1. Learning should be applicable to the students' daily life or career. (This increases comprehension and facilitates the learning process.)

  2. Understanding the main (basic) themes (basic concepts such as homeostasis and control of processes must be learned by all students).

  3. Understanding that body systems are not functionally isolated is also core to all physiology courses. Despite usually being studied sequentially and separately, they function as an integrated whole to maintain body homeostasis.

  4. Students must be challenged to learn to process and integrate information because useful learning in physiology is more than an accumulation of information. Participants discussed how students must process the new information and integrate it with their previous knowledge to construct their own understanding as to how the body functions.

  5. Every physiology course should provide opportunities to analyze and evaluate both learned information and physiological data. It was agreed that data analysis provides a different learning modality than the evaluation and integration of the conceptual information. Searching for useful information in the literature, in one's own fund of knowledge, or in other resources that are relevant to a challenging physiological problem was not only considered a unique learning tool but also an exercise worthy to be considered a course objective.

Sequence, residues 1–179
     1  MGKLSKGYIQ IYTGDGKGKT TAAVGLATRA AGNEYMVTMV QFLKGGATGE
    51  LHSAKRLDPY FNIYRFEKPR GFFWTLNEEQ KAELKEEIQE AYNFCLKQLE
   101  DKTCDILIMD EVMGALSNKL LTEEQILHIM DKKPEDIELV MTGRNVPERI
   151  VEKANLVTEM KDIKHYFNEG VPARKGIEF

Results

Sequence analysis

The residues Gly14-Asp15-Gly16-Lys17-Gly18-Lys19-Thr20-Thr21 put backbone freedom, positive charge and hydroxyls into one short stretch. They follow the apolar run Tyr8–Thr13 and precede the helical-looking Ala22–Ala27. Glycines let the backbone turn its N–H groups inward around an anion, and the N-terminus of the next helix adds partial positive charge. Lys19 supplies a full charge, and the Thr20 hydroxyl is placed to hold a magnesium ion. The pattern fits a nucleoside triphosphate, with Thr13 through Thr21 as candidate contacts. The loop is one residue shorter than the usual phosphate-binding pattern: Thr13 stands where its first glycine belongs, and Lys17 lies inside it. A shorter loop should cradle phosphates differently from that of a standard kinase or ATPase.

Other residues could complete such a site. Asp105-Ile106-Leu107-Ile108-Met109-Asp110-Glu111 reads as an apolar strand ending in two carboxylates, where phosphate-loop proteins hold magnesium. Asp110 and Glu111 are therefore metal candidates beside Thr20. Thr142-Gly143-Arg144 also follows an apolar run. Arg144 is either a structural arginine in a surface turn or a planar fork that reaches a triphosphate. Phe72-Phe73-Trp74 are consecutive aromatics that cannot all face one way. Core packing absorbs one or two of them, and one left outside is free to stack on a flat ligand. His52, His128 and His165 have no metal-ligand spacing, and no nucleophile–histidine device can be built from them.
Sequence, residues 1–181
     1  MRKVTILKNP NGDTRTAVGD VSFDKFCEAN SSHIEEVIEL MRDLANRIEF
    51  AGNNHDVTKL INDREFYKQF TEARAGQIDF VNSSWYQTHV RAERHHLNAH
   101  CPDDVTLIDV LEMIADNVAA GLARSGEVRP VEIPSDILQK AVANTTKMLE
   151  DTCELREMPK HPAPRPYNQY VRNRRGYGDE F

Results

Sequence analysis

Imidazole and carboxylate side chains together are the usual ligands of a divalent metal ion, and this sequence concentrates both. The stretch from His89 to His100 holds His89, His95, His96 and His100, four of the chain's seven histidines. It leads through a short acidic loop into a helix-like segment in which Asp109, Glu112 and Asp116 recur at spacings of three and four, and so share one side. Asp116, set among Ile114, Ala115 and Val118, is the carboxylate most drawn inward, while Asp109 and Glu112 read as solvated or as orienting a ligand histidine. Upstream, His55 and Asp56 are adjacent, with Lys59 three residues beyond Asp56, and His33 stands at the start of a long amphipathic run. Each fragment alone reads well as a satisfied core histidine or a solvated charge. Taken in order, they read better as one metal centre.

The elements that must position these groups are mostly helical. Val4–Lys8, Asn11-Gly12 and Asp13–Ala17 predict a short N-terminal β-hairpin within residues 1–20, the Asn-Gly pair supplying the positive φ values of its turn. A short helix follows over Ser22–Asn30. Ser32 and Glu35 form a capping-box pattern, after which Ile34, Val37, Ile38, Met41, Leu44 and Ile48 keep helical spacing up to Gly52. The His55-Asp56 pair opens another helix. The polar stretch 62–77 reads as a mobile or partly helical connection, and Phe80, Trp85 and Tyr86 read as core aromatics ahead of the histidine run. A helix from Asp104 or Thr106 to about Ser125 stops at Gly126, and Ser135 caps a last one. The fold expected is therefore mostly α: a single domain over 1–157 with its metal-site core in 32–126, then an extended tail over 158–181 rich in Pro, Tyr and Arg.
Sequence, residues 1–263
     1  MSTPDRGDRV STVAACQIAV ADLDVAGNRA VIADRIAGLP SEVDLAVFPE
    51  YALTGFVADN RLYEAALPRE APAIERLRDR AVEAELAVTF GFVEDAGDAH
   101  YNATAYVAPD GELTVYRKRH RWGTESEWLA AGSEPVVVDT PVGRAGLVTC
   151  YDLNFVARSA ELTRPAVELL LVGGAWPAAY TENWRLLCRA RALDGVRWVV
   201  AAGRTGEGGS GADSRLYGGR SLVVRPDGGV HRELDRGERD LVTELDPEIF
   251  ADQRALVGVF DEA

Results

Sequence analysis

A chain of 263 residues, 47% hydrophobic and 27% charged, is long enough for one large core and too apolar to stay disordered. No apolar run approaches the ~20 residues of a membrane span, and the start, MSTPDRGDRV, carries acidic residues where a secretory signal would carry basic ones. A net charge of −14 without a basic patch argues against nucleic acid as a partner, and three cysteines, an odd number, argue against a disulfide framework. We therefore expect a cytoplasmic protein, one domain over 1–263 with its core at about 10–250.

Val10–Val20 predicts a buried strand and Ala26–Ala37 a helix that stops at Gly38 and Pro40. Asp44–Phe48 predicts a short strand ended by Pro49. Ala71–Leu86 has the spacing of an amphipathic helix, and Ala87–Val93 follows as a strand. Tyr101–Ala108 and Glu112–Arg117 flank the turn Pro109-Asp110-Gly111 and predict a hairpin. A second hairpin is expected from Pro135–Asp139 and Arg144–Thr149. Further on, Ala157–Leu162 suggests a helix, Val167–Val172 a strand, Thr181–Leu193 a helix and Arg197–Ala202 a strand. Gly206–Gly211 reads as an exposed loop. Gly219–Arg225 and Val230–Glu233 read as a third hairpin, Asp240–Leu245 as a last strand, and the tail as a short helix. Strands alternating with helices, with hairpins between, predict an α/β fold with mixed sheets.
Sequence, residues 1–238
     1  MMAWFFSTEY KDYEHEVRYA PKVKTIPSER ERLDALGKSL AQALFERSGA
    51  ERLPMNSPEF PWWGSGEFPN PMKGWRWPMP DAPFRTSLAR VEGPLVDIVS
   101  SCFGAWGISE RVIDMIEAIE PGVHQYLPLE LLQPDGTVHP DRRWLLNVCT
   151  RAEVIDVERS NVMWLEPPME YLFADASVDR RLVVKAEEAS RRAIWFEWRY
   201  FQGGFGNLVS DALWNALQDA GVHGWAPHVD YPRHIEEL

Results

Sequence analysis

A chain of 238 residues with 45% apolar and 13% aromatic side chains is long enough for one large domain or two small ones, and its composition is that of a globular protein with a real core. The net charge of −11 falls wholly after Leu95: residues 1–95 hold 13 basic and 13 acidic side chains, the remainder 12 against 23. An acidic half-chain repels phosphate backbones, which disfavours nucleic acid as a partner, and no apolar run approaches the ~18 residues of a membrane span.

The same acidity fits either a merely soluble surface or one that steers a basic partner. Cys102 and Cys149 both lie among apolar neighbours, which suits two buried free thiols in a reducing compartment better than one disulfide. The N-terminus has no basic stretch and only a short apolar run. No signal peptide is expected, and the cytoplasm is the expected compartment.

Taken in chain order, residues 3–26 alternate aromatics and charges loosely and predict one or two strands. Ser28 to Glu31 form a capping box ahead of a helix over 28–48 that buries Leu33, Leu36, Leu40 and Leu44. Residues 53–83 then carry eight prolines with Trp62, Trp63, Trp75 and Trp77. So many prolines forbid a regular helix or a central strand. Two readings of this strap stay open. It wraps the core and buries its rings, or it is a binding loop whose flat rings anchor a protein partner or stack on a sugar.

How do we teach to accomplish our learning objectives?

The main target for an effective learning process is the intellectual engagement of the student. Among the approaches discussed that were believed to achieve that goal were active or student-centered methodologies such as problem-based learning (PBL), inquiry, and self-directed learning. A more unusual but exciting approach is the development of models to explain sets of physiological observations. It was also agreed that it is particularly useful to use examples in lecturing that are applicable to students' daily lives as was helping students to consolidate their understanding by posing interesting problems (questions) that require the use and integration of their knowledge.